Walleye fishing opportunities have improved in recent years. Areas around the dam, the Kings River Arm, the James River Arm, and the White River Arm can all provide good spring walleye fishing. Walleye typically move up the river arms to spawn around the first part of March and are often caught in the same areas as spawning white bass. Walleye can be caught throughout the year by trolling deep points and channel swings in the main lake. Anglers reported catching numerous legal size (greater than or equal to 18”) walleye in these areas throughout the summer of 2017. The Missouri Department of Conservation stocked surplus walleye in the James River Arm in 2013, 2014, and 2016. In addition, supplemental walleye stockings in the Arkansas portions of the Long Creek (Cricket Creek) Arm from 2011-2015 should continue to enhance walleye fishing opportunities. Fish sampling surveys in early spring 2017 indicated a quality number of walleye in the 18”-23” range in the James River Arm resulting from stockings in 2013. In addition, 58 percent of the walleye sampled in the James River Arm were greater than or equal to 20" in the spring of 2017. Similar numbers and sizes of walleye were sampled in the Kings River in the spring of 2017 as well. Numerous walleye were collected during electrofishing samples up the White River Arm in March of 2017. Nearly all of the walleye sampled in this area were greater than 15”, 44 percent were greater than 20”, and 4 percent were greater than 25.” Two walleye over 30 inches were sampled in this area as well, indicating that a very high quality population of walleye exists in the White River Arm.
For experienced bluegill anglers, Table Rock Lake can provide quality fishing. Good numbers of quality sized fish in the 7"- 9" range exist. The best time to catch bluegill is late May through early July. Look for gravel areas, points, and pockets in 10-20 feet of water. Fish on the bottom with live crickets or worms with light tackle. Goggle-eye are present in good numbers and can reach large sizes (greater than 10”) in Table Rock Lake. They can often be caught in the same areas as smallmouth bass around larger rock structures but in shallower water (less than 20 feet). Brush piles in the main lake areas also congregate good numbers of goggle-eye. Both channel and flathead catfish are also present in the lake in good numbers, but receive relatively little fishing pressure, especially in the main lake. Channel catfish are more prevalent in the river arms, while flathead catfish are more common in the clearer sections of the main lake. Both prepared and live baits are effective when using setlines, jug lines, or rod and reel, especially in late spring and early summer.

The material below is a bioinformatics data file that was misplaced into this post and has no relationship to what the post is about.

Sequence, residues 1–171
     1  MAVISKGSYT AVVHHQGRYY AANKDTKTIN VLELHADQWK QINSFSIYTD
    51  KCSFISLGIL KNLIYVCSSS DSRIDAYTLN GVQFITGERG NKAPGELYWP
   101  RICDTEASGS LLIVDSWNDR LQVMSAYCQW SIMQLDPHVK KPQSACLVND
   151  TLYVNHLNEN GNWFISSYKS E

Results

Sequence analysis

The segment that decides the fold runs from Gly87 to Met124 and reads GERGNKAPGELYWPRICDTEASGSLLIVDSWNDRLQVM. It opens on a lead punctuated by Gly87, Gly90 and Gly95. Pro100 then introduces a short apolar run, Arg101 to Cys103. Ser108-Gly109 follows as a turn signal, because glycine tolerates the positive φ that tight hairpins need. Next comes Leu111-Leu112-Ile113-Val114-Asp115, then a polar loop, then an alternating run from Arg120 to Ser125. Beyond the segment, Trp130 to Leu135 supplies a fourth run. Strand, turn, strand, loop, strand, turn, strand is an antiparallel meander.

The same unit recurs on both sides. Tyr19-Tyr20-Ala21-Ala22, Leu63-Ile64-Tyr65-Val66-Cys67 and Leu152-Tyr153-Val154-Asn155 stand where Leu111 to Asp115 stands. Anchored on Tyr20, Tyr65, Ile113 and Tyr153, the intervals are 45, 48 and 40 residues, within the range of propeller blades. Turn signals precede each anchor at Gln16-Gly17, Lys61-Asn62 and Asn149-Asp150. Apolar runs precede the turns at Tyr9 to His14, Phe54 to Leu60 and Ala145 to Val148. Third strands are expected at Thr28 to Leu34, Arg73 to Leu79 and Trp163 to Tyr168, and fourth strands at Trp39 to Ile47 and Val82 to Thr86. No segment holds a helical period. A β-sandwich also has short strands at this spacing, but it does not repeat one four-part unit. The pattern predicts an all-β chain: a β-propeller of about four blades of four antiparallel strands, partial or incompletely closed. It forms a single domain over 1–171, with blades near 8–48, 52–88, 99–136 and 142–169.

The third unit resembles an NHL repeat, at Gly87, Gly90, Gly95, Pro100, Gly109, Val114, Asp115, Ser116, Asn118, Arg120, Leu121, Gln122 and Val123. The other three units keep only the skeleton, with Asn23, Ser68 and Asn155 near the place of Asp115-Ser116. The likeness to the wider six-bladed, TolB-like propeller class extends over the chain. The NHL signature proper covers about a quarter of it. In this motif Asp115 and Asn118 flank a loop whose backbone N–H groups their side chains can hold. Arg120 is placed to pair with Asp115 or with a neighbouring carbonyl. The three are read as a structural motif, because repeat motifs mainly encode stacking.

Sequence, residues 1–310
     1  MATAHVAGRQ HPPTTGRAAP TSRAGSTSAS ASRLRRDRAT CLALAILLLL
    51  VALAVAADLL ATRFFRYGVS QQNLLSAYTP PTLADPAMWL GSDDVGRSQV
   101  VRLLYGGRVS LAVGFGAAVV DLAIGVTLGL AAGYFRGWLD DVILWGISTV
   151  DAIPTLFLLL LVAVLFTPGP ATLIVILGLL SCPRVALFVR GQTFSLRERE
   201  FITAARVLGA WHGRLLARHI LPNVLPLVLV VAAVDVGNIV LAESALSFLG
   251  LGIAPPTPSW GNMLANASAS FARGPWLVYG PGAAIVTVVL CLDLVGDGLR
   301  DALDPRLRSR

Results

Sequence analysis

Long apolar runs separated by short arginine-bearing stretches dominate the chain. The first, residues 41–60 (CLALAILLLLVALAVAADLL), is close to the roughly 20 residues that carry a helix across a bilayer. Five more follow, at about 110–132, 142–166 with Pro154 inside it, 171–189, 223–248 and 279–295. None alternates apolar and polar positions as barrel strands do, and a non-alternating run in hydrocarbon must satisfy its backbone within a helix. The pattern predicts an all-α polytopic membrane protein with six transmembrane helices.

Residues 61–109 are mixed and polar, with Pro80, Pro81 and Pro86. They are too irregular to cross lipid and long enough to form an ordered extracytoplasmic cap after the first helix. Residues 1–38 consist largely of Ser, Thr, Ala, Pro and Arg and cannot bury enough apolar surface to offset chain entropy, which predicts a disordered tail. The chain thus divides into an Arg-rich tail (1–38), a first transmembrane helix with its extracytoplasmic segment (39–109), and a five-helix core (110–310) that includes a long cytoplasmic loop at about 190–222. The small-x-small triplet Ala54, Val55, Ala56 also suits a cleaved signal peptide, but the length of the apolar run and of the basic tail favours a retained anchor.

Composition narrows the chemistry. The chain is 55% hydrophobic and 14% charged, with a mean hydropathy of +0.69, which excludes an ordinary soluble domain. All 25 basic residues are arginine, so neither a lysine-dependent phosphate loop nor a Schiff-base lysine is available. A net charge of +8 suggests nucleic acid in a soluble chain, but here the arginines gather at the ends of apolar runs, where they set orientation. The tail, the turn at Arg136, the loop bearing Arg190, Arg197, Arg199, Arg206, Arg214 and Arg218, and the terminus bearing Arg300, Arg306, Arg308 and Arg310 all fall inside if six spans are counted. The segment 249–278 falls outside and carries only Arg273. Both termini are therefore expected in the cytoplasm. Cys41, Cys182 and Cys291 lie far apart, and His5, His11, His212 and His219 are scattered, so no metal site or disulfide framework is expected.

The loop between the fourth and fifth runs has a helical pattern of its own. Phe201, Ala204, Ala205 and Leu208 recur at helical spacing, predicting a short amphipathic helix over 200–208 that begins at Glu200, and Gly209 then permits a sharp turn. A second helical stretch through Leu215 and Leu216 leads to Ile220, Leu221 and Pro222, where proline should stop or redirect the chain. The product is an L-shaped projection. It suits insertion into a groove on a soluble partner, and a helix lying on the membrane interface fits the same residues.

Snagging for paddlefish should be good in 2017. Paddlefish concentrate each spring in the upper reaches of the James River Arm above Cape Fair. Early in the snagging season, most paddlefish are caught between Virgin Bluff and Point 15. As water temperatures warm, the paddlefish will move farther up the James River Arm. If the James River rises enough to stimulate a spawning run, paddlefish will migrate upstream to spawn. The extent and duration of these migrations are dependent upon river flows and water temperatures, but can extend as far upstream as Lake Springfield Dam. Good numbers of legal-sized paddlefish (greater than or equal to 34”) were collected during netting surveys in the winter of 2016-2017. Paddlefish can be legally harvested from March 15 through April 30 and the limit is two paddlefish per day. Because paddlefish feed on zooplankton, the best way to catch them is by snagging them with large treble hooks. Look for schools of paddlefish in the lake channel using a depth finder and cast to them or troll over the school with a boat while snagging. A project to help determine the number of paddlefish harvested each year began in 2015. Many paddlefish have been tagged with metal jaw bands and anglers are encouraged to report tagged paddlefish they catch to the Missouri Department of Conservation. Tag returns will be entered into a drawing for a cash reward at the end of the 2017 snagging season. Anglers should not remove tags from sublegal fish (less than 34") but are encouraged to report the tag number to the Conservation Department.
An extensive six-year habitat project was completed in Table Rock Lake in 2013. Over 1,400 fish habitat structures including brushpiles, stump fields, and rock piles were added to the lake and an interactive fish habitat map of these structures is available on the MDC public website at http://huntfish.mdc.mo.gov/fishing/where-fish. These structures can also be found using the MO Fishing App, available to download for free on a smartphone.